Camera Work: A Photographic Quarterly — 1903 (Heft 1)

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PICTURE-MAKING is the symbolical use of objects,
form and color, to express ideas. Yet after giving
expression in this language to the most subtle
thoughts and feelings, what spirit of perversity in-
spires one to intrude the written name on the face of
that which he is striving to perfect as a work of art
—to bring an alien, as it were, into one’s own house!
Such details of a picture as have not to do with the
expression of its main idea should be used only as
decorations of the various parts, made harmonious
in form and color, and placed with the intent to add beauty and give
completeness, thus stimulating the imagination.
SINCE it seems impossible sufficiently to stamp individuality upon the
work itself without some sign or seal to prove its authenticity, let us at least use
symbols that will not appear like foreign words upon the native tongue. Our
common script and printing types are both too inelastic in form to be readily
adapted to the requirements of decoration. The symbol-writing, common to
the Chinese and Japanese, has preserved the primitive character of picture-
talk, and its relation to the method of art is still apparent, although it may
no longer be commonly used with the same mental significance; yet it may
be inscribed over half a print, without rousing a sense of revolt as against a
false element. These seem rather to serve agreeably as a sort of ornamen-
tation, while on the other hand, words in Latin or Greek characters, which
have been so transformed in their devious journeyings that it is difficult to
trace their original identity with any other than an intellectual method of
expression, will seriously disturb one's sense of harmony. In order that
Latin or Greek letters may be used with anything like decorative effect,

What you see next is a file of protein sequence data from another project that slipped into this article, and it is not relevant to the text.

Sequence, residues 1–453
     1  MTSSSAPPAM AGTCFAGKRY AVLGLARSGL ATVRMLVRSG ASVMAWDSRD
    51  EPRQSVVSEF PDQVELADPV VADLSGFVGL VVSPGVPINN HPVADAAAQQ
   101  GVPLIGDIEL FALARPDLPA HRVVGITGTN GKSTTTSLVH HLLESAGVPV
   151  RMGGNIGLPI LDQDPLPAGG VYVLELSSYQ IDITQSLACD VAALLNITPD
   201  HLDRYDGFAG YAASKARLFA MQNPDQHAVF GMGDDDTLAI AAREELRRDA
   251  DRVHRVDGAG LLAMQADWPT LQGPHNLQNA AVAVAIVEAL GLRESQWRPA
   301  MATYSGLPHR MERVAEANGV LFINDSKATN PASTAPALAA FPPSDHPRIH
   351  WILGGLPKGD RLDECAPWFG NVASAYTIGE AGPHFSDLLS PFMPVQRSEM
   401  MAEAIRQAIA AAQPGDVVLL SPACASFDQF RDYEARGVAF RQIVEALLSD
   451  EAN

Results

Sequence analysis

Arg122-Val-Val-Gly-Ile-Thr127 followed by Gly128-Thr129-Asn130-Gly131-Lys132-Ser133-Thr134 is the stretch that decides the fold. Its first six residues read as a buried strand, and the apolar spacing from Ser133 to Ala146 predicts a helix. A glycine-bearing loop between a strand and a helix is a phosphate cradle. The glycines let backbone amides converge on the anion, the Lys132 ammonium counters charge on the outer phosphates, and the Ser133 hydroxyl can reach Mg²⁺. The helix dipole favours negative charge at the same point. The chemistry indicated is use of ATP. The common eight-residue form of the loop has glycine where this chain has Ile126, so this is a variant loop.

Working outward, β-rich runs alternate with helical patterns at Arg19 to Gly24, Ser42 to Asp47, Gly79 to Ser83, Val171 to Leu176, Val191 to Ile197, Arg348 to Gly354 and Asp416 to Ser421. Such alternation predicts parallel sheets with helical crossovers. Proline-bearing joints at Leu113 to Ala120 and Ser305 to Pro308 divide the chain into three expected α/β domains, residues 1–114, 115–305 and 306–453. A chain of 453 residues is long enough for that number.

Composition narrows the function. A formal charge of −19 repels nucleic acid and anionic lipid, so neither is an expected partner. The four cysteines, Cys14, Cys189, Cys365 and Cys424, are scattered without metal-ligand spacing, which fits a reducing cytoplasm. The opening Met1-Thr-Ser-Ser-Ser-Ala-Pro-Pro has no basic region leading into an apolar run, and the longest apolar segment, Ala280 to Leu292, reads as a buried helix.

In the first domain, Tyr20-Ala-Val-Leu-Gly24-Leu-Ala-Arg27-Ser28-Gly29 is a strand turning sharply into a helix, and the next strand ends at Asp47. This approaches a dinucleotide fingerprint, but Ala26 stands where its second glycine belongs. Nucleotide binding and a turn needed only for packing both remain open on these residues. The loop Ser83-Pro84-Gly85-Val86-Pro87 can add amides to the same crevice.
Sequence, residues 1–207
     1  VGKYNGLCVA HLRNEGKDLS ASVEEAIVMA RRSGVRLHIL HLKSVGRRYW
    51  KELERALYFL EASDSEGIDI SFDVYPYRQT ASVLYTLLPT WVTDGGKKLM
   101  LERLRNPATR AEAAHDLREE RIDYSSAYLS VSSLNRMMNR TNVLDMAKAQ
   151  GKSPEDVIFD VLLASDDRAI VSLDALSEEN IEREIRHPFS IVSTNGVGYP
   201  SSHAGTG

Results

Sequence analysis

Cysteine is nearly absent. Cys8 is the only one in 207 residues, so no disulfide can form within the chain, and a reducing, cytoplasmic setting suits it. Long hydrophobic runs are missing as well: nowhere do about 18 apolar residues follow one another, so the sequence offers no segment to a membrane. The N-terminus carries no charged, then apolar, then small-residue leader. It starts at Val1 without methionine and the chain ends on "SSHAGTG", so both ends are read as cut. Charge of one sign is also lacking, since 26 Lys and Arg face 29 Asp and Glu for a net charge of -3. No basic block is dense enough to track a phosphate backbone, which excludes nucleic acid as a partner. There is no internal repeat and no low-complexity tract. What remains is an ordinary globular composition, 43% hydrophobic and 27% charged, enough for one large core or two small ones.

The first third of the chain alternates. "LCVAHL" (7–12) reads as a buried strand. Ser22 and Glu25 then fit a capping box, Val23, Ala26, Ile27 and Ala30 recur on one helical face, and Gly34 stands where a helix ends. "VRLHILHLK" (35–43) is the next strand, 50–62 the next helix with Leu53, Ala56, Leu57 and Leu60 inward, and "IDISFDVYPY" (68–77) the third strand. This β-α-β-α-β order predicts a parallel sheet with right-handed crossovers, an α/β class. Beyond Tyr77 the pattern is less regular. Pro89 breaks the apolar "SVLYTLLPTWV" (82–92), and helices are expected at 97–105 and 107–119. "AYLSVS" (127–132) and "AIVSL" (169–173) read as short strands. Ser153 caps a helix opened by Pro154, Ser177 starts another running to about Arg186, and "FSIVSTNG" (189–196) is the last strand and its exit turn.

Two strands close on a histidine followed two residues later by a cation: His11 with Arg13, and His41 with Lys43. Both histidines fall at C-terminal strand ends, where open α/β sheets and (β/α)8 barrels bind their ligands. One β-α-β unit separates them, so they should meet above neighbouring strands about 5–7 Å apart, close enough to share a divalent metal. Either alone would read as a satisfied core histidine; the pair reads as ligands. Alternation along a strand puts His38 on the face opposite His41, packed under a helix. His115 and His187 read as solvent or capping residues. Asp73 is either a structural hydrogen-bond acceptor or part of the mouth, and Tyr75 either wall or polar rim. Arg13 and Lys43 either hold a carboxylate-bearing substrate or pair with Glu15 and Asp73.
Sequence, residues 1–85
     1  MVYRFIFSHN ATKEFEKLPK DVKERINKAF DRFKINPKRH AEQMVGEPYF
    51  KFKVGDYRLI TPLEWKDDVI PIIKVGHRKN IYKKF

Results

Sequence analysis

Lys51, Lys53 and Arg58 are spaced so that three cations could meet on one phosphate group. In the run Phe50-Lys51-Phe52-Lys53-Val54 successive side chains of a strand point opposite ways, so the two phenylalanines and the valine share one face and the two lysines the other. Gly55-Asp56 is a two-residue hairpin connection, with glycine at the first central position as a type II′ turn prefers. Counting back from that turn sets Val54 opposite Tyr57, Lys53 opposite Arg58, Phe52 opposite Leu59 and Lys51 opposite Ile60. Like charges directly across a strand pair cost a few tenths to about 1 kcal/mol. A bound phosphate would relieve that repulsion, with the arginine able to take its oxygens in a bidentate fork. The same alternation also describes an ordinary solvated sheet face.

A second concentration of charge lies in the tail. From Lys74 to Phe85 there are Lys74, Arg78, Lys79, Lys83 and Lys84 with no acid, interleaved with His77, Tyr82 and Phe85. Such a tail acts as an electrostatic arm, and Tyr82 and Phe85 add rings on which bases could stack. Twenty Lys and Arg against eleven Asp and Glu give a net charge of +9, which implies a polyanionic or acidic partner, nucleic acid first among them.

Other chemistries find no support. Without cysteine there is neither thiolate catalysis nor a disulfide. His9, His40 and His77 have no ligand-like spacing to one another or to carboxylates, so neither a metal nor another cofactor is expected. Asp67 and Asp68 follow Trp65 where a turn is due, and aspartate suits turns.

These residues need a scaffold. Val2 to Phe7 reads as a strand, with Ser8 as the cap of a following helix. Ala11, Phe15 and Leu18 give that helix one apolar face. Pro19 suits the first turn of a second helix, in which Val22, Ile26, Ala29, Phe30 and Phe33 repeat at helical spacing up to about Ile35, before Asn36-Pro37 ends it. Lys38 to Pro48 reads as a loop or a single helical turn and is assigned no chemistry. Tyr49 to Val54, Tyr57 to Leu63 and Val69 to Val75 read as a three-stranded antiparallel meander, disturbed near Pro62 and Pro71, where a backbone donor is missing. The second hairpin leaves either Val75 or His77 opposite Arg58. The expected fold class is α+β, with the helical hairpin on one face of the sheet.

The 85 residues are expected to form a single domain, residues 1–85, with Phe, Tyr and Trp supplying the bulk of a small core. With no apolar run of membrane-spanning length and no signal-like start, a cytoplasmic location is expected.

esthetic invention must first in some way conceal the nature of the inscrip-
tion by fresh variations of its proportions. This principle has been perceived
from time to time by artists who have substituted signs or symbols in place
of their names, so that pictures bearing certain marks would be as universally
recognized as the shield of a warrior emblazoned with his heraldic device.
IF the intrusion of common signatures into paintings be disconcerting to
one disposed to follow the artist into fair fields of dreams and visions, how
much more so must it be were this method adopted in the photographic
print, where the presence of distracting detail is ruinous, partly because of
the size of the picture, but chiefly because photographs are in monochrome.
Of the monstrous signatures which deface by awkward proportions and
their foreign nature, what otherwise might be an interesting print, there is
little need to speak. Such blotches, blinding and irritating to the eye, are
evidence, at best, of arrested development in the might-be artist.
OF the many painters and etchers who at the present time make use ot
symbolical signatures, the most notable is Mr. Whistler, who has introduced
his butterfly into literature as well as painting, and has played upon it, in

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